Every baseball player does the fantasy scenarios. The first one is that pitching thing where you come in to save the day for that last critical out in the bad situation. The second is not being “The Mighty Casey”. The Hokies were either facing extra baseball on Mothers’ Day or grabbing a walk off. With a bat rack full of toothpicks, that wasn’t going to be an easy feat. Sometimes you do the hard things and do them well.
The 9th inning started out like there was not going to be a 10th. Eduardo Malinowski led off the inning with a single (there’s the curse of the lead-off working again). But the hope faded as Cade Hunter flied out with no sacrifice advance to 2nd, and then Christian Martin struck out. Here’s the big scene. Two outs a man on first and you have the chance to do something great. Well, Lucas Donlon didn’t do anything really truly great, just good solid baseball. He worked a walk which pushed Malinowski to scoring position at 2nd. My old man always said, if you can’t be great, be “good”. With only one out hung, and a great need to advance the runner, Donlon managed “good”.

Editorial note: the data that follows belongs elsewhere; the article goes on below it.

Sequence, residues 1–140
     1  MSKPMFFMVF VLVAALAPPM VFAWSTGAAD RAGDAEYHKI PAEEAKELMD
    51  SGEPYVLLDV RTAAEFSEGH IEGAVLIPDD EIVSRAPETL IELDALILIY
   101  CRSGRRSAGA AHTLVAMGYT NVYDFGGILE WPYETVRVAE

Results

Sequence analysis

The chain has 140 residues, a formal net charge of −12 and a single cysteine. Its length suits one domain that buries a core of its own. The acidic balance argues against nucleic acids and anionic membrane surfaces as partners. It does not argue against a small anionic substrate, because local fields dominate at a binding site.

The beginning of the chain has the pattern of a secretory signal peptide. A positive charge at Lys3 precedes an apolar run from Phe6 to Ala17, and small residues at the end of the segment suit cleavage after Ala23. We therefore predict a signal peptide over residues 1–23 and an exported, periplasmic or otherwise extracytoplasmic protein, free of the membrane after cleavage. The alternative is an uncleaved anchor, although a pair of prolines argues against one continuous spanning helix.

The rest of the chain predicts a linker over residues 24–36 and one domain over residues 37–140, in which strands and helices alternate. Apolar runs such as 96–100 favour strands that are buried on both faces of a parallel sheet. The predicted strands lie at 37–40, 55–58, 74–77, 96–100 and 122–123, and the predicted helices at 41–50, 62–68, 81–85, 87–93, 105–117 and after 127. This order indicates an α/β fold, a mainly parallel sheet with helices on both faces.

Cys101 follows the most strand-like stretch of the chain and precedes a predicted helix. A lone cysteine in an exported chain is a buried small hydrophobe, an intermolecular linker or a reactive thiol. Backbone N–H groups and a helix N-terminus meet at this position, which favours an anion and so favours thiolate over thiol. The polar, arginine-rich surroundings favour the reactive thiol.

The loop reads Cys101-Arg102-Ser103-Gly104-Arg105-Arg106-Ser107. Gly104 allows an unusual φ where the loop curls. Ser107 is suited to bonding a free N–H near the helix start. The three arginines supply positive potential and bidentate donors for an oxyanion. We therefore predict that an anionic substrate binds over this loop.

Then there was another Freshman being noted by the rest of the baseball world. Carson DeMartini, with a runner in scoring position and a chance for a walk-off, was probably wondering about all of those times before when he was thinking about that fantasy scenario. And no, he didn’t show up as “The Mighty Casey”. On the third pitch of his at-bat, DeMartini stroked a beautiful long shot into deep left center that bounced over the wall which was a a) a ground rule double, but more importantly it allowed the umps to let Malinowski advance the two bases necessary to win the walk-off.
When you can’t win one way, you figure out another way and do that. If that doesn’t work you do something else. Something else worked this time. The Hokies swept the short series, and stretched their overall record to an amazing, and unheard of in Hokie baseball lore, 33 wins and 10 losses. Drue Hackenberg received a No Decision, but he also was noted for his 7th quality start.
The Hokies managed two different kinds of wins this past weekend. Tomorrow evening, always dangerous Liberty comes out US 460 for a visit. The first pitch is still scheduled for 7:00 PM and the weather is predicted to be a lovely mid-70s with no chance of rain anywhere to be seen.